In Hillary Clinton’s last speech as Secretary of State, she commented that the US is supporting growth in developing countries’ economies because “weak states represent some of our most significant threats. We have an interest in strengthening them and building more capable partners that can tackle their own security problems at home and in their neighborhoods.” (min 15:00) In a world as closely interconnected as we have become, are win-win solutions more visible and attainable?
The prior portion of Hillary’s speech outlined the true transformation of the role of Secretary of State and the nature of securing our interests abroad. She compared the changes to the evolution from the architecture of the Parthenon to that of Frank Gehry: Today – many interconnected supports are needed, and the former design of resting on a few pillars (such as relations with a few capitals rather than with the 112 countries Hillary visited during her tenure) is no longer effective. In this new world, access to knowledge is more democratic, more voices count, and the State Department employs people to help internet-poor regions of the earth get better access to the world wide web!
In some ways, the increase in media and technology has not helped our society. The extreme partisanship in Congress can be linked to the ability to find information that backs up any point of view, no matter how extreme. Even average Democrats or Republicans could spend days online in a wash of similar view points before seeing a portal for the merits of the other side. It’s easy to think we have the one and only best solution if a hundred people echo our views – despite the fact that there may be millions who disagree. The views of such active citizens are translated to the inboxes of our Representatives, and hence the dearth of a middle ground in Congress that is as bad as Americans can recall.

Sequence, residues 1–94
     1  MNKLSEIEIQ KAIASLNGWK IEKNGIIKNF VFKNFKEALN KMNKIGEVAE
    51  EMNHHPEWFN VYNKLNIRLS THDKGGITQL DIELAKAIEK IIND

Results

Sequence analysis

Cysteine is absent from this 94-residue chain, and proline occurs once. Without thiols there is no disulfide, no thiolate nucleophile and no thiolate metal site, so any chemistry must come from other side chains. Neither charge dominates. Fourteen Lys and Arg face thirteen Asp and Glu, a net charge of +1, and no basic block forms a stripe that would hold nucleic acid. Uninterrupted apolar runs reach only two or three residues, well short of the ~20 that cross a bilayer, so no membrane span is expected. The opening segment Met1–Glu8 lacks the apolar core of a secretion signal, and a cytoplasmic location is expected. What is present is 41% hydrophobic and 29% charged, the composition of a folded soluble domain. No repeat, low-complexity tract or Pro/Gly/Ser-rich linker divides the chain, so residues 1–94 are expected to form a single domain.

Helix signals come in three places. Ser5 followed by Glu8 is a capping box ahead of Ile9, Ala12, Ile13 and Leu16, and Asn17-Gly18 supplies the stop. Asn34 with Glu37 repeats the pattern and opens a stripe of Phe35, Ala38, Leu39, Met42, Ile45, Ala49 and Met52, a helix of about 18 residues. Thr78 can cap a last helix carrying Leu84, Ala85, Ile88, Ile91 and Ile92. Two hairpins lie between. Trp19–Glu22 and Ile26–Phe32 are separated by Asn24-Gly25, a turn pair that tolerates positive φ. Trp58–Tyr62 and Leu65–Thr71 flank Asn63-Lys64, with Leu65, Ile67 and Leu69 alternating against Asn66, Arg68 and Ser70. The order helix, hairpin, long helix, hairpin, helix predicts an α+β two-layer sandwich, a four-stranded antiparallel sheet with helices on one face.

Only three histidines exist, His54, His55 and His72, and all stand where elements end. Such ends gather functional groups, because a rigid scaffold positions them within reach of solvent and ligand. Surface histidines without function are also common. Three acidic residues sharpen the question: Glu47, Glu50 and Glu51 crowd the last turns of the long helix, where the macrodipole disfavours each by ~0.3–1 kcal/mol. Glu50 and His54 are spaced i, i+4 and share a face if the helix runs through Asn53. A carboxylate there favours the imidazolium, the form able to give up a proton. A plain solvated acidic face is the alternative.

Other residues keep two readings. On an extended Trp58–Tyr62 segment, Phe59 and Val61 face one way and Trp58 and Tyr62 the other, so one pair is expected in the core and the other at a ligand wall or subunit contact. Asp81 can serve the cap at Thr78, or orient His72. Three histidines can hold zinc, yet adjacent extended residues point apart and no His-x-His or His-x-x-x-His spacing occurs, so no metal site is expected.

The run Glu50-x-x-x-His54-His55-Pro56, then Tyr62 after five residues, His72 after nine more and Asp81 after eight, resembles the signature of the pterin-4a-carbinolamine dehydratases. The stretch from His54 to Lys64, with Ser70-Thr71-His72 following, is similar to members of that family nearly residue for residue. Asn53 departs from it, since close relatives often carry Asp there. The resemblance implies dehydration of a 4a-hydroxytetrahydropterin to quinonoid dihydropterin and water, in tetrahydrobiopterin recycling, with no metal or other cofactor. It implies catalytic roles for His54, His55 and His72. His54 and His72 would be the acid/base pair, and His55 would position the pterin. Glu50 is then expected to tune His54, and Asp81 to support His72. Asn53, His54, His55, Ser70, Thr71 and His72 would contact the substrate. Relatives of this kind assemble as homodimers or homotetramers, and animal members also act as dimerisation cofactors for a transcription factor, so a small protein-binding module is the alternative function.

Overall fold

This sort of negative impact from the democratization of information is something I hope (and believe) we can learn from and grow out of in time. Meanwhile, the increasingly real and virtually tangible interconnectedness could eventually make the ‘right’ – most beneficial – choices easy to see and easy to act on.
Seeing win-win solutions is something one can actually improve on and get in the practice of doing, in any day and age. It requires being very specific about what the goals of different parties are, and suspending disbelief that positive outcomes are possible. Some of the most effective negotiating strategies are being honest, and giving to the other side what it does not hurt you to give.
I’m pulling for a world where the US chooses to implement fabulous carbon reduction laws because Bangladesh is on the UN Security Council and our political representatives – including but not limited to the Secretary of State – believe that our interests are tied to theirs. Hillary’s comment is a harbinger that such a world is possible.